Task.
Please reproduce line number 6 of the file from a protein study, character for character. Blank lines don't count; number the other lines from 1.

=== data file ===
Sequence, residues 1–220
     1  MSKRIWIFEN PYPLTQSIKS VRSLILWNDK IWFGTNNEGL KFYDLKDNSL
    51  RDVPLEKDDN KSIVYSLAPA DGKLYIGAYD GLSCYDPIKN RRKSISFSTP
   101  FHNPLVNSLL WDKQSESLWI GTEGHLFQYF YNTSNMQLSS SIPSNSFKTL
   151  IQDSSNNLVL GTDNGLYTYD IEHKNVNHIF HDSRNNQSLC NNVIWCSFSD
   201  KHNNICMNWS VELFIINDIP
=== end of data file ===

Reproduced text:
   201  KHNNICMNWS VELFIINDIP